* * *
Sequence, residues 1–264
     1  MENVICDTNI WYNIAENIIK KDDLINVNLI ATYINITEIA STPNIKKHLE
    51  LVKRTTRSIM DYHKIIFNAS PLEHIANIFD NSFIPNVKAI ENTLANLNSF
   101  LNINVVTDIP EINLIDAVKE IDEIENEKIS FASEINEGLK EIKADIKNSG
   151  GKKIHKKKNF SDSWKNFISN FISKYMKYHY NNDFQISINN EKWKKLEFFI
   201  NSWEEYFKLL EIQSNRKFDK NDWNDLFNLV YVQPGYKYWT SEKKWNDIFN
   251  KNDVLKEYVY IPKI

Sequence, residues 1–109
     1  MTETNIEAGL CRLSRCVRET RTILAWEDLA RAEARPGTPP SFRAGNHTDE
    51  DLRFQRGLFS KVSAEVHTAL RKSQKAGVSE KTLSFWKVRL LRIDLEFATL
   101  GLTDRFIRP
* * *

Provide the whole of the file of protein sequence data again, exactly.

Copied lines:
Sequence, residues 1–264
     1  MENVICDTNI WYNIAENIIK KDDLINVNLI ATYINITEIA STPNIKKHLE
    51  LVKRTTRSIM DYHKIIFNAS PLEHIANIFD NSFIPNVKAI ENTLANLNSF
   101  LNINVVTDIP EINLIDAVKE IDEIENEKIS FASEINEGLK EIKADIKNSG
   151  GKKIHKKKNF SDSWKNFISN FISKYMKYHY NNDFQISINN EKWKKLEFFI
   201  NSWEEYFKLL EIQSNRKFDK NDWNDLFNLV YVQPGYKYWT SEKKWNDIFN
   251  KNDVLKEYVY IPKI

Sequence, residues 1–109
     1  MTETNIEAGL CRLSRCVRET RTILAWEDLA RAEARPGTPP SFRAGNHTDE
    51  DLRFQRGLFS KVSAEVHTAL RKSQKAGVSE KTLSFWKVRL LRIDLEFATL
   101  GLTDRFIRP